The former Brooklyn Center cop who was convicted of manslaughter for shooting dead 20-year-old Daunte Wright is serving time in a Minnesota prison that touts itself as a place that gives inmates a ‘chance to bloom.’
Kim Potter, 49, was led away in handcuffs and ordered to be held without bail ahead of her sentencing in February after being found guilty on all counts at Hennepin County Court on Thursday.
She was then transferred to Minnesota Correctional Facility – Shakopee, a five-level security prison located about 25 miles southwest of downtown Minneapolis.
The facility cares for about 650 female prisoners and offers a variety of in-prison programs designed to help in rehabilitation, according to Prison Fellowship. The inmates are invited to participate in a 5K runs, further their education and grow their relationship with God.
Promotional materials show inmates studying, sewing and planting produce that is then donated to community members in need. One inmate is even trying to pursue a law degree while behind bars.
The facility is also the first prison to offer a pipeline program that allows inmates to pursue a law degree while behind bars
The Shakopee prisoners are said to ‘see things differently and find the light at the end of the tunnel’ after their time at the facility, according to Warden Tracy Beltz.
‘We’ve come here [to prison] because we have done something wrong,’ inmate Angelina said in the promotional materials. ‘To be able to have that second chance means everything.’
Shakopee welcomed Potter, who was seen smiling in her booking photo, on December 23.
Potter, a 26-year veteran of the force, claimed she accidentally shot Wright when she reached for her gun instead of her Taser during a traffic stop over his expired plates in Brooklyn Center, Minnesota on April 11.
She was convicted of first- and second-degree manslaughter on Thursday and now faces a maximum of 15 years in prison on the first charge and 10 years on the second, with the sentencing expected to take place in February.
The convicted ex-cop will remain in the facility until at least her sentencing. While likely, it is unclear if she will be serving her entire sentence at Shakopee
The prison, which is advertised as a place for growth and second chances, touts inmate success stories online.
Meredith, a former drug dealer only listed by her first name who has served at least two sentences at the facility, claims the prison’s programs helped her do a ‘complete 180 from her previous life.’
She was first sentenced at Shakopee when she was 22 and reportedly did not have respect for her punishment.
‘I didn’t change my behaviors – I just wanted an easy way out,’ Meredith, now 30, explained.
‘I was 22, and I knew what I was going to do. I knew what I was going back to.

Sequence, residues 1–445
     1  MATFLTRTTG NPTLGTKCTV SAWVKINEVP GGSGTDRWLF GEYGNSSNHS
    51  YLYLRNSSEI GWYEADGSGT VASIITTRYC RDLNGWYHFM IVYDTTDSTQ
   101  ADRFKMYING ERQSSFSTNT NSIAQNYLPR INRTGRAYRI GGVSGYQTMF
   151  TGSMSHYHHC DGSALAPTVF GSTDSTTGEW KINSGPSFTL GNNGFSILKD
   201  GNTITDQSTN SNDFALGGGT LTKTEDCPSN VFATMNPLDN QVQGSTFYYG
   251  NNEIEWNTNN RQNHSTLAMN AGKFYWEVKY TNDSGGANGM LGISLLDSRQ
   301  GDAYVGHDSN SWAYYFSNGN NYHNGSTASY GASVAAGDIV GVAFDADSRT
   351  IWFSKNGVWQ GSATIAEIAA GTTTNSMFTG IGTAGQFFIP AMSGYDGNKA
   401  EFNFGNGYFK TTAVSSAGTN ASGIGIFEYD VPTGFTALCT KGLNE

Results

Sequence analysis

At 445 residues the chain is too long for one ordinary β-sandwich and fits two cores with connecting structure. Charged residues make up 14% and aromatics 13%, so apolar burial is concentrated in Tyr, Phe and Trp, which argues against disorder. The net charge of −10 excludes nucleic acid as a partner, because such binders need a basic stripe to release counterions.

She said participating in the Prison Fellowship Academy, a program offered at Shakopee, during her second sentence ‘influenced her greatly’ and made her realize that people cared about her.
‘People just take you where you’re at, and the grace – the astronomical grace! People that actually want to care about you and want to help you succeed. It doesn’t feel superficial like so many of my other relationships,’ she said.
‘It’s a humble confidence – knowing who you are deeply rooted in Christ, you don’t need anybody externally to tell you about yourself
Now, instead of focusing on herself, Meredith has reportedly has a ‘steadfast heart’ and a calling to serve others.
The facility also provides inmates with opportunities to further their education and pursue their professional dreams.
Earlier this year Maureen Onyelobi – who is seven years into her life-without-parole prison sentence after being charged in 2014 with aiding and abetting first-degree premeditated murder – became the first known incarcerated woman to take a law school admittance test.
Through a new program called the Prison to Law Pipeline, Onyelobi was able to sit for her LSAT at Shakopee and – assuming she passed – can then attend Hamline Law School to pursue her law degree.
The pipeline program, which is in its early stages, has not yet been approved by the American Bar Association (ABA) as students cannot receive a completely remote law degree.
‘This place is what you make it,’ Onyelobi said of Shakopee, noting during her sentencing she has learned a lot about law and used that knowledge to help fellow inmates.
‘I’ve helped several women with their appeals,’ she said. ‘It’s rewarding to help other people. I care about others and I feel more worth now than I did before.’
The pipeline program appears to be unique to Shakopee, unlike the facility’s fellowship programs.
‘This is a legal revolution,’ Onyelobi argued. ‘The statistics don’t lie. I’m living it. You can’t learn this experience in a classroom.’
Beltz says she prides herself in the non-traditional way she runs Shakopee. She claims her approach prepares inmates for re-entry into the world.
‘This is not a soft-on-crime approach [to corrections],’ Beltz told Prison Fellowship.
‘This is the stuff we know works to keep people out of prison. Prisoners need those community connections. They need people to support them in their reentry. They need people that are going to hold them accountable to do the right thing, while encouraging them.’
She added: ‘When you promote that [life] can be bigger than just a prison—do your time and get out—it does something to the psyche and to the population,’ Warden Beltz says. The women ‘start seeing things [differently]. They start seeing the light at the end of the tunnel.’
It is unclear if Potter will utilize any of the prison’s unique offerings during her time behind bars